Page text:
An excerpt from Cara Chow's new novel about growing up the daughter of a strict and demanding Chinese mother.
By Cara Chow
Nellie is just scanning the letter grades. But Mom’s eyes are examining every detail. “What’s Speech?” she asks. “And where’s Calculus?” She flips over the report card, in case Calculus is written on the back. But there is no Calculus back there, just her forged signature at the bottom. Mom blinks for a moment, confused, like maybe she had indeed signed the card and gone senile. For confirmation, she looks at me. The look on my face answers her question.
Mom walks towards me. Her right hand, which is still holding the report card, swings towards me and whips me across the face. The report card makes the sound of thunder against my ear. My neck cracks as my head turns from the impact. A second later, my cheek stings and grows hot, swollen, and tingly. I resist the urge to rub my cheek. That will only make her hit me harder.
Through the kitchen doorway, Theresa’s head is bowed, and her eyes are glued to the sink. In contrast, Nellie’s eyes widen with alarm, like two spotlights. Her clownish smiling lips morph into an O of surprise at Mom’s reaction.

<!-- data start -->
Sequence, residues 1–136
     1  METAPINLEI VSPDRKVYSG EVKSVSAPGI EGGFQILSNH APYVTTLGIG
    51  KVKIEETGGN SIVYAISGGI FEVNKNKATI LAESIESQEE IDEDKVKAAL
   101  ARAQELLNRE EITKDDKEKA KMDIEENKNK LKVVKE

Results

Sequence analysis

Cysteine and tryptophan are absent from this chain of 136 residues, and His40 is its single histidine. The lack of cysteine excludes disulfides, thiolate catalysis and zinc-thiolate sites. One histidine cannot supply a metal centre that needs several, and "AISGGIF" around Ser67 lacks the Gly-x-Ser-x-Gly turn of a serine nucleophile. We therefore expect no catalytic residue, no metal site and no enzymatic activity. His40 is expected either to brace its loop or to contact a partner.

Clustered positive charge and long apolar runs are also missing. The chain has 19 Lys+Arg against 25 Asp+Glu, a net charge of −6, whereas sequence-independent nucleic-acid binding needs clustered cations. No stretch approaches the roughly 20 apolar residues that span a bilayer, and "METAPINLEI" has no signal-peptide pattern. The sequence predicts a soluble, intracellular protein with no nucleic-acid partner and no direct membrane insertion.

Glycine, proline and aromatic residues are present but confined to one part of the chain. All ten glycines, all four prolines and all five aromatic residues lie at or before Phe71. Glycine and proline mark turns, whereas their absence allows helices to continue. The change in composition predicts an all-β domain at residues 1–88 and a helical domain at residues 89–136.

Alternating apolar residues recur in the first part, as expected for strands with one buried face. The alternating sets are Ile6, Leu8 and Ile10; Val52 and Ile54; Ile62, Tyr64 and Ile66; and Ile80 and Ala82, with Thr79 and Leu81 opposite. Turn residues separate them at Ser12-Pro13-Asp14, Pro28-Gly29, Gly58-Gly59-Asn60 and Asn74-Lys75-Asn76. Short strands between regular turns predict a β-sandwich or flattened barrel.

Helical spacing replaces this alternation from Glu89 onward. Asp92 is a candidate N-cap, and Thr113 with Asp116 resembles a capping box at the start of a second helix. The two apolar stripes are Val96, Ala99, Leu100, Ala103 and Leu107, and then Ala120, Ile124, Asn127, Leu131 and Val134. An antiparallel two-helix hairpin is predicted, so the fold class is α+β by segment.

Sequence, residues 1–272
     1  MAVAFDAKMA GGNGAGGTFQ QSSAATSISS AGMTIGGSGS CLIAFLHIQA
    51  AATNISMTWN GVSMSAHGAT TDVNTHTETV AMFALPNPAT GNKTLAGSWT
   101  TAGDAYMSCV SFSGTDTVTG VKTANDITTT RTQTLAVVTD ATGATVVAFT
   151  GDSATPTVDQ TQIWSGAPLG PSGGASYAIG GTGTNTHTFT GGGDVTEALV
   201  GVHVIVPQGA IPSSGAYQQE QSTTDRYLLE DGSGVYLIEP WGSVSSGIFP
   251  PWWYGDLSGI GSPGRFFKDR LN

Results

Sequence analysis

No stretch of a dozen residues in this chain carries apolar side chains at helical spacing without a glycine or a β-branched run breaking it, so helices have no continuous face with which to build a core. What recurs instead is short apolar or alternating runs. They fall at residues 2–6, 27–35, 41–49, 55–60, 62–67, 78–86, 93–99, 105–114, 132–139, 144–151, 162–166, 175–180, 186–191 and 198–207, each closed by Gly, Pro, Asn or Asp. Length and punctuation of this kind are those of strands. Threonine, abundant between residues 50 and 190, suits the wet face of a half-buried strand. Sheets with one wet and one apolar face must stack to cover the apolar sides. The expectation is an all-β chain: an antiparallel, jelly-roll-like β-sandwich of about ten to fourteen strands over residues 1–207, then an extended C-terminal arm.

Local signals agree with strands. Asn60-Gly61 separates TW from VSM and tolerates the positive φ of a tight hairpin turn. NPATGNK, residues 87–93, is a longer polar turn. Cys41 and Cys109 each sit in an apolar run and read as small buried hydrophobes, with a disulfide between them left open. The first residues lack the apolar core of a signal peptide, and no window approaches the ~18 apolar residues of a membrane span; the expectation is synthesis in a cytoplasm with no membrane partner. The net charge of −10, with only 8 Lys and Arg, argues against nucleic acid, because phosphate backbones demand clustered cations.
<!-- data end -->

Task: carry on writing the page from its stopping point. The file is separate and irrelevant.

“Gracie! Don’t be so hard on Fei Ting!” she cries. “Wait here.” She waddles to Theresa’s room. Moments later, she returns, holding my trophy. “Look. She won this at a speech competition.” The brassy trophy catches the light, and for a split second, I am blinded by its brightness.
Nellie hands the trophy to Mom, who is once again confused. Nellie is hoping that my success will soften Mom’s anger. I am hoping so too. But my hopes prove futile. As Mom scrutinizes the trophy, I can almost see the images in her mind flashing behind her eyes like a slide show, documenting every moment I was not home and not accounted for. With each passing second, her frozen expression thaws, giving way to a steely stare.
“So all this time you’ve been working so hard on Calculus, hah?” Mom says. Venom drips from the word “Calculus.” “To win this award, you must have put in a lot of time practicing. Is this why you weren’t at Princeton Review on the day of the earthquake? How many other classes did you miss?”
I don’t answer, hoping that her question is rhetorical.
“How many!” My ears pop from the shrillness of her voice.
One thing I should know by now: if I answer her questions, she’ll be angry that I gave the wrong answer, but if I don’t answer, she’ll be mad that I ignored the question.
“Two,” I say.
Then she lunges towards me.
From Bitter Melon, by Cara Chow. Text copyright © Cara Chow, 2011. All rights reserved. Used with permission from Egmont USA.